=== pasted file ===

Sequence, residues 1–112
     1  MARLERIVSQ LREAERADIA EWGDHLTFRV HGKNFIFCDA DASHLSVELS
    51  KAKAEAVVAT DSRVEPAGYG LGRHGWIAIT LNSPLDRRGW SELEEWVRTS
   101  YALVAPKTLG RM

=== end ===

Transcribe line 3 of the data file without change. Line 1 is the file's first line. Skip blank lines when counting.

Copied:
    51  KAKAEAVVAT DSRVEPAGYG LGRHGWIAIT LNSPLDRRGW SELEEWVRTS